Zen, Baseball, and Single Mindedness

Spring Training 2013

Spring Training 2013

Amen, amen, I say to you, whoever hears my word
and believes in the one who sent me
has eternal life and will not come to condemnation,
but has passed from death to life. (Jn. 5)

Jesus speaks of eternal life. All too often eternal life is seen as something that is up there and out there—something that will come as a reward after we have suffered through much. If the existential philosophers and theologians taught us anything, they taught us that eternal life is life lived fully and responsibly. They focused on their lived life experience here and now.

Eternal life is living with wisdom. We “believe” that we live in and are sustained by Divinity. We fully grasp what Isaiah taught us about the maternal love of God:

But Zion said, “The LORD has forsaken me;
my Lord has forgotten me.”
Can a mother forget her infant,
be without tenderness for the child of her womb?
Even should she forget,
I will never forget you. (Is. 49)

The Living God assures us that the hairs of our very heads are numbered and God promises never to forget us. Wow!

Eternal life means living in the present. The past is history and the future is not yet here and the present will soon be the past while the future will become the present. Our Buddhist brothers and sisters have a great deal to teach us about mindfulness. In an age where technology makes multi-tasking the norm, we are called to single-pointedness. We are called to focus on what is happening here and now.

The photograph is from a spring training baseball game. I really enjoy going to a few games each March. Spring games, like the Masters Tournament, remind us that warmer air and sun-filled skies are on the way. New life is bursting forth. As I watched the game which was boringly scoreless into the sixth inning, I concluded that Abner Doubleday, the reputed founder of baseball, must have been a Buddhist at heart. Baseball often has been called a blue collar sport but today few blue collar workers can nigh afford a spring training or regular season ticket. I looked up tickets for a Braves game at Disney’s Wide World of Sports and the Ticket Master tab came to $98 for two tickets. Ouch for the wallet!

Baseball does require the ability to focus on the present. If you wander off and play with your smart phone, you soon realize that you have missed something. Oh, is there a new pitcher on the mound? Once I realized this, I made an effort, clumsy at best, to focus on each pitch and every outcome. I realized that I am not used to doing this. When I go to the next game on Friday, I will be honing my spiritual practices—single-minded focus on what is happening HERE and NOW.

How did I get from the maternal nature of God to baseball? Well, it has something to do with understanding eternal life as life lived in focus on the moment. Golf also offers the same opportunity for spiritual practice. Bad shots happen when we get distracted and forget the fundamentals of putting or chipping. As the Buddhists, when you chop wood, chop wood. When you carry water, carry water. When you wash the dishes, wash the dishes. A story about Thomas Merton reaffirms this. A novice monk under Merton’s guidance came for spiritual direction. The monk told Merton, “I think I have finally figured it out. I’ve got it now. I am in the fourth room in Theresa’s spiritual mansion.” Merton replied, “Fourth level, hell. Go to the kitchen and wash dishes.” Merton wrote, “[W]alking down a street, sweeping a floor, washing dishes, hoeing beans, reading a book, taking a stroll in the woods-all can be enriched with contemplation and with the obscure sense of the presence of God. (Thomas Merton, The Inner Experience: Notes on Contemplation, William H. Shannon, editor, HarperSan Francisco, 2003; p 66)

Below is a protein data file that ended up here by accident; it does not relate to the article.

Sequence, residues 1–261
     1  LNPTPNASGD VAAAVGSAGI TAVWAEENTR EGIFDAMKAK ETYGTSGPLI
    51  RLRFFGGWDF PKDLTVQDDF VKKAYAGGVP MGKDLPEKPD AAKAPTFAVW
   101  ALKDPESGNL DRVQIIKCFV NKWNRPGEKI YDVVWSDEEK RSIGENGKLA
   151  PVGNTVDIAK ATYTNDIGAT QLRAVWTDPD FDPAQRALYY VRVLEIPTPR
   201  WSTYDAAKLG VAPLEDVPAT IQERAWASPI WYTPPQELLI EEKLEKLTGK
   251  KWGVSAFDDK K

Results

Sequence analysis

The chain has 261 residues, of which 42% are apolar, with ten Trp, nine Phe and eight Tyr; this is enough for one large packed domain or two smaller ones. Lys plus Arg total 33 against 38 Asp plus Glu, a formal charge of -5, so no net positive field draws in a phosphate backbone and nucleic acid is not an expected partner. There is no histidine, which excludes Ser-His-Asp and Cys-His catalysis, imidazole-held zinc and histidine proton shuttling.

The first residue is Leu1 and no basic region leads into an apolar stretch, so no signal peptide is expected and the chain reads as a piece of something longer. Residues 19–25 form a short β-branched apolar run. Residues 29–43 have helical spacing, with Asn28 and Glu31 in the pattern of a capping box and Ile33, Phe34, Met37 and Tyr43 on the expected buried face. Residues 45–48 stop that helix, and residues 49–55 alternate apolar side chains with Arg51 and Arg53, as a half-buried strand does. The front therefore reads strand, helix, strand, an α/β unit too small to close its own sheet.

Whatever our spiritual practice, we need to understand that baseball, golf, knitting, pottery, photography and any other activity requires single-minded focus.

Meditation on a daily basis can help us be present. It can be frustrating especially when the monkey mind roams and wanders all over the past and future. Over time, however, the daily practice has started helping me focus on what is really important in life. When I now wake up in the middle of the night when the demons and dragons are roaming the synapses of my mind, I am finding it easier to put things in perspective. I find it easier to tell myself that getting the damnable taxes done on time or the paper for the next presentation ready by the deadline are not really all that important in the grand scheme of things and that, in the larger scheme, “All is well and all will be well.” “Neither taxes nor shipwreck can separate me from the love of the Risen Christ.” I then nestle into the arms of the Loving God and ease back into restful sleep.

I stumbled across or was gifted with, I think the latter, when I was preparing this reflection. Teresa Tilson has posted a wonderful article on “The Way of Meditation and Contemplation” (http://www.stolaf.edu/people/huff/classes/religion/Essay.html)

The daily practice of meditation is helping me develop a relationship with the Living God who calls us forth from darkness into Living Light, “Saying to the prisoners: Come out! To those in darkness: Show yourselves!” God is calling us to new life in the Risen Cosmic Christ. The only requirement is quite simple. If we wish to be present to the Presence, we have to show up. That’s all. Just show up. Richard Rohr has a technique for getting us to rest in God:

Be still and know that I am God.

Be still and know that I am.

Be still and know.

Be still.


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